English Renaissance Theatre

May 2023

Marlowe’s Mighty Line

Episode 98:

Marlowe as a playwright at the beginning of the greatest period of Elizabethan creativity.

A short recap on Marlowe’s university life.

Marlowe moves to London.

The anonymity and earning power of Elizabethan playwrights.

‘Dido, Queen of Carthage’.

Thomas Nashe as co-author of ‘Dido, Queen of Carthage’.

Marlowe’s sexual preferences.

The Elizabethan attitude to sexuality.

Marlowe and religion.

The School of Atheism.

Marlowe’s use of rhetoric.

Marlowe, blank verse, and iambic pentameter.

Marlowe’s poetry.

Marlowe’s Mighty Line.

Support the podcast at:




The Short Life and Strange Death of Christopher Marlowe

Episode 97:

Christopher Marlowe was one of the giants of Elizabethan theatre, but he died young in mysterious circumstances. In this episode I try to unpick the mystery of why he died. Was it just an argument about the cost of a meal, or the result of some far more sinister goings-on in the world of Elizabethan espionage and court rivalry?

Support the podcast at:




Thomas Nashe: Satirist, Pamphleteer & Playwright

Episode 96:

The life and works of Thomas Nashe

Early Life

Cambridge University and ‘Terminus et non Terminus’

Nash moves to London and joins the ‘University Wits’

Pamphlets and work for the Archbishop of Canterbury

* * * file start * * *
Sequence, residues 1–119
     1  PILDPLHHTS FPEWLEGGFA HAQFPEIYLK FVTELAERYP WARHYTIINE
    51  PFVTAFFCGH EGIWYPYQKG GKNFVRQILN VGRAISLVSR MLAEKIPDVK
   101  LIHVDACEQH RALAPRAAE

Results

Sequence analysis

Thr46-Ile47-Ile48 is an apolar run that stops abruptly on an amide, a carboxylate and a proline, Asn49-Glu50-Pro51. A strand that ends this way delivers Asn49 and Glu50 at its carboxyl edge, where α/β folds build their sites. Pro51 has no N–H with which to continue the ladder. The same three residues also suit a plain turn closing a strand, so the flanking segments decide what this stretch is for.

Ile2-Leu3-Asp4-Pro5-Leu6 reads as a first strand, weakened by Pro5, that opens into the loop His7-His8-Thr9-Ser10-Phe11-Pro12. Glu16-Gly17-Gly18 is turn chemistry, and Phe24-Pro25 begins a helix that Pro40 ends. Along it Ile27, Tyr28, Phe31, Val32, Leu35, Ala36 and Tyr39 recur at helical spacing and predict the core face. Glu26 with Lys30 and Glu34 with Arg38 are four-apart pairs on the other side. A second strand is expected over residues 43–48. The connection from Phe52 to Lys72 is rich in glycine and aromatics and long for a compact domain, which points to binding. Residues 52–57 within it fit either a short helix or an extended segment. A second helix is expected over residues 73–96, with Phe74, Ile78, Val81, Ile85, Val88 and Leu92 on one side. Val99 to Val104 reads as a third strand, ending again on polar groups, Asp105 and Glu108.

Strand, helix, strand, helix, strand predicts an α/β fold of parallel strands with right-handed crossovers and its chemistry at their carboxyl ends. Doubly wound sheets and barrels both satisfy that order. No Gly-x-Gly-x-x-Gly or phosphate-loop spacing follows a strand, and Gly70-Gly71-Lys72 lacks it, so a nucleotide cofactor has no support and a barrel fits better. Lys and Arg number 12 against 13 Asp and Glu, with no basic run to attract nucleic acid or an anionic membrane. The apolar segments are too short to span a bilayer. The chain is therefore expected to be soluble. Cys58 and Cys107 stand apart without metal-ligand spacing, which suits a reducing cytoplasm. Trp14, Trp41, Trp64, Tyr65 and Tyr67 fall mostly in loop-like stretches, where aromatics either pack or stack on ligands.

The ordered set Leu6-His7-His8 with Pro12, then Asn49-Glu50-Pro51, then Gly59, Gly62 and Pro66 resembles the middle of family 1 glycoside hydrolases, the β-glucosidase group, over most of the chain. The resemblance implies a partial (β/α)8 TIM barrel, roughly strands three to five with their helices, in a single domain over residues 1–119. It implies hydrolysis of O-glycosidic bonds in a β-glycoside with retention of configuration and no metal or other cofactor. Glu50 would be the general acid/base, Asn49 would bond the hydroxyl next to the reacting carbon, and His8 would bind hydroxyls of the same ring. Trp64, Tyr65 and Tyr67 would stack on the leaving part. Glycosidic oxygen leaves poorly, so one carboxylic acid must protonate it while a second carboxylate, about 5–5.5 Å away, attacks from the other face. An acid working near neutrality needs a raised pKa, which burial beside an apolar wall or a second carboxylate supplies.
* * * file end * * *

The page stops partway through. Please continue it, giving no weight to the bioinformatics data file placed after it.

Nashe’s style and pseudonyms

Disagreements with the Gabriel brothers

Nash’s Dildo

Pearse Penniless

Summers Last Will and Testament, his only surviving solo-authored play

The Unfortunate Traveller

Christ’s Tears Over Jerusalem and Imprisonment

Terrors Of the Night

The Isle Of Dogs and the closure of theatres in the summer 1597

Nash’s Lentern Stuff and his final years

Support the podcast at:




April 2023

A Sextet of Tudor Playwrights

Episode 95:

The life and plays of some of the lesser known playwrights of the Tudor period.

George Gascoigne – his shady life story and his Italian translations into English prose.

Robert Greene – how he carved out a professional writers life from an unpromising start, his plays, and that notorious comment about Shakespeare.

Thomas Lodge – a prodigious talent who sought out an adventurous life and wrote two verse plays.

Thomas Preston – A Fellow of Cambridge University who wrote plays in many different styles.

Collaboration in the Tudor period.

George Peele – part of the ‘university wits’ set, best known for ‘The Araynment of Paris’ […]

Gorboduc: The Tragedy of Ferrex and Porrex

Episode 94:

Gorboduc the first tragedy in blank verse

The lives of the co-authors Thomas Norton and Thomas Sackville

The plot of the play including the description of the opening dumb show

The origins of the Gorboduc story

The political message of the play

How the play incorporates ideas and style from Seneca, Aristotle, and the medieval traditions

The use of allegorical characters

The problems whit the play as good drama

The play as an academic debate

The second printing of the play

The innovation of bank verse

The highpoint of the play

How satisfactory , or not, is the ending of the play?

Support the podcast at:




March 2023

Comedy, History & Morality: Three Early Tudor Plays

Episode 93:

The earliest extant plays from the Tudor period include comedies and a historical morality, which give an insight into how theatre developed.

A summary of the elements that came together to make Tudor theatre a very special development.

Students and Masters become playwrights looking to Seneca

Nicolas Udal, schoolmaster and writer of the earliest surviving comedy

A summary of Ralph Roister Doister

The problem of the authorship of Gammer Gurton’s Needle

A summary of Gammer Gurton’s Needle